Seeking lieutenant governor’s seat, Stevenson files for campaign assistant
DARIEN — First Selectman Jayme Stevenson has filed for a state grant in her bid for lieutenant governor that could bring up to $375,000 of funding to her campaign.
At the end of January, Stevenson filed paperwork to be a participant in the Citizen’s Election Program, the state’s public campaign finance program. This required her to raise $75,000 by July 20 to be eligible for a state grant up to $375,000. Most of the contributions came through her website and personal outreach.
Stevenon says her campaign has taken in over $80,000 to date. According to a financial filing with the Secretary of State on Wednesday, Stevenson’s campaign has raised $82,000.
“You do as much outreach as you can to people that you believe are supporters of your campaign,” Stevenson said. “They don’t have to be registered any particular way.”
Media channels can also be helpful to support funding, she said. With the grant money, she and her team plan to make more commitments to television, radio and other forms of outreach.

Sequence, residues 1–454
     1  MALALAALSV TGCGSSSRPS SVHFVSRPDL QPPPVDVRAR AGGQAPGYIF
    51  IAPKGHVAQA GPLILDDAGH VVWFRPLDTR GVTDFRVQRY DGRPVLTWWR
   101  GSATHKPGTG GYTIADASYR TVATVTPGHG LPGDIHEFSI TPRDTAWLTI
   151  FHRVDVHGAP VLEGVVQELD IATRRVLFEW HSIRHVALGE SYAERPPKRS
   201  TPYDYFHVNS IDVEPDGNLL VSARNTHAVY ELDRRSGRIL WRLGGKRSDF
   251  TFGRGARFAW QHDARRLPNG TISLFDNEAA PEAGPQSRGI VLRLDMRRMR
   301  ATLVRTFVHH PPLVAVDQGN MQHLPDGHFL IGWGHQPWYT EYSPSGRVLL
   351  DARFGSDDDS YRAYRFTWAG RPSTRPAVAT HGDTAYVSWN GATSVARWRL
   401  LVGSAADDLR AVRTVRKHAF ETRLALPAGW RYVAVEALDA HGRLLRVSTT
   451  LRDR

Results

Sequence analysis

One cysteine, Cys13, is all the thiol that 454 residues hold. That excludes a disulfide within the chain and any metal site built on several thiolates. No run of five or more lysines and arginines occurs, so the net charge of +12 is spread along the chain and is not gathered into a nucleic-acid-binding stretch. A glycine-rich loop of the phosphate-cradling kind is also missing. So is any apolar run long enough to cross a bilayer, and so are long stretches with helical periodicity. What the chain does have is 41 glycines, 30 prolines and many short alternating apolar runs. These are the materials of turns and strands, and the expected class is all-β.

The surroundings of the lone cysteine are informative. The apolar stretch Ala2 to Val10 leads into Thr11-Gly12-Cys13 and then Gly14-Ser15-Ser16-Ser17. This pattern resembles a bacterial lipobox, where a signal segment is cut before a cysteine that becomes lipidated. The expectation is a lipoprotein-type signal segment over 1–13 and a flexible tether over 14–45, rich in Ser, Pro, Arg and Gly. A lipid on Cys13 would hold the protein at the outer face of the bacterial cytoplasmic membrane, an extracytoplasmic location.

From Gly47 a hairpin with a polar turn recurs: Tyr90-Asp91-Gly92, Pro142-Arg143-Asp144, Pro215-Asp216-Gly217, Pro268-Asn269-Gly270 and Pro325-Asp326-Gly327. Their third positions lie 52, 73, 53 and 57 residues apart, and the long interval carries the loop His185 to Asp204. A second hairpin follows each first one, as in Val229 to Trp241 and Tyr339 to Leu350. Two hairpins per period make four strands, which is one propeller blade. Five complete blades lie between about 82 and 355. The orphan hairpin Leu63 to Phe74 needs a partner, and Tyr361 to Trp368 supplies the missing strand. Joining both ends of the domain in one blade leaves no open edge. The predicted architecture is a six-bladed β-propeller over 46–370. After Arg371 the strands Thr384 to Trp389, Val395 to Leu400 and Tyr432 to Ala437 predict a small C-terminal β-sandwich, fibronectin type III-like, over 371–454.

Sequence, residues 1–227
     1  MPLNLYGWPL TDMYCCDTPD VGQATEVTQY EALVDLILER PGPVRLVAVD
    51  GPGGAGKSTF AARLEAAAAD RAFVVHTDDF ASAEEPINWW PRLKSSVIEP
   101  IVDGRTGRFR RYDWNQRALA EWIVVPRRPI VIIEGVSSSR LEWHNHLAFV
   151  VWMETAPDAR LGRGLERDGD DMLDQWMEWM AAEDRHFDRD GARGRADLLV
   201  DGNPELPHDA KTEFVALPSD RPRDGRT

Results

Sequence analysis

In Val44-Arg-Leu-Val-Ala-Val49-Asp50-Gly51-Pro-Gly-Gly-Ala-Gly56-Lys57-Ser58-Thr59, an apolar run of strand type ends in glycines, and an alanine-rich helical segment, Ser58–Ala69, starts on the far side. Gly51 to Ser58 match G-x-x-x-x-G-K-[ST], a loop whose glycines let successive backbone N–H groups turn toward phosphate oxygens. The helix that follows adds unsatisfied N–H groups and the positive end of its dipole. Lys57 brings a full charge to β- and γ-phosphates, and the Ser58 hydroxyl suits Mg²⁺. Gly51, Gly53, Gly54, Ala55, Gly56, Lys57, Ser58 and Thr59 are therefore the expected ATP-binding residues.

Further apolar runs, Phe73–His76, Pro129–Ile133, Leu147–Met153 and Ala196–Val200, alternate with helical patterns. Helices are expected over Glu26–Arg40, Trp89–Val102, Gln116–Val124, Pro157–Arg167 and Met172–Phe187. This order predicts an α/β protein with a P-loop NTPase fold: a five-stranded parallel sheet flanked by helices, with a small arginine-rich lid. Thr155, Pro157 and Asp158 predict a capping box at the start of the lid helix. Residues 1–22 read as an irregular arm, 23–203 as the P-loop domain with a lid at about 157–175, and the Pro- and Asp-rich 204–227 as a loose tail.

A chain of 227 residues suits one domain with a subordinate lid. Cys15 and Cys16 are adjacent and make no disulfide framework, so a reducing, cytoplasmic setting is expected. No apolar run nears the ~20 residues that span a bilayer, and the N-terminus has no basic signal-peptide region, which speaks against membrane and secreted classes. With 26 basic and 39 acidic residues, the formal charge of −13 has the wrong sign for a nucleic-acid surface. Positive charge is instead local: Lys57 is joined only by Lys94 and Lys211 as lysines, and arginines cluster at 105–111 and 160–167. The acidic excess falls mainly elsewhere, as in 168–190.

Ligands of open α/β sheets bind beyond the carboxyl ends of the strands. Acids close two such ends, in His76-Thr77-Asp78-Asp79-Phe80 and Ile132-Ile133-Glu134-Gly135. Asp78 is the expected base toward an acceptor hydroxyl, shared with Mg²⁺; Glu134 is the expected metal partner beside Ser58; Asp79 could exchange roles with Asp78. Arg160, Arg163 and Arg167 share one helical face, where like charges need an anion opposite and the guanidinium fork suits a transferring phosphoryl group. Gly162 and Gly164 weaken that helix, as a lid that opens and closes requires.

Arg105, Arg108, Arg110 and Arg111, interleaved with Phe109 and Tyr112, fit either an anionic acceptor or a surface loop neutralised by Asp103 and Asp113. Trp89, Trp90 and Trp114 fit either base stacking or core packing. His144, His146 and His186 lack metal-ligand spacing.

Stevenson will be competing with Erin Stewart, Joe Markley, Eva Zimmerman and Susan Bysiewicz for lieutenant governor. Her experience could help the next governor who will need a partner that understands how local government works and can assist in making better fiscal policies, she said.
Stevenson said Darien is fortunate because there is a very stable tax base. However, the town has seen a reduction of the state’s municipal aid by about 75 percent in the last five years, she said. Over the years, the relationship between state and local governments has degraded, said Stevenson.
“There’s an adversarial relationship between state and local government that I hadn’t experienced early in my term,” she said.
Her time as first selectman and working on a variety of regional and statewide boards will give her the insight needed to amend this relationship, said Stevenson.
Without her party’s endorsement Stevenson said she got around 20 percent support at the Republican Convention last May. Her success at the convention also came without having to make deals to gain support, said Stevenson.
“It allowed us to sort of move forward unencumbered by having made promises or deals with anybody,” said Stevenson.
Stevenson said she looks forward to using all her experience to partner with the next governor should she win.
“We have a lot of work to do and we need people who are willing to do that and not care about another election,” Stevenson said, “because it’s possible that we might have to make decisions that won’t get us re-elected.”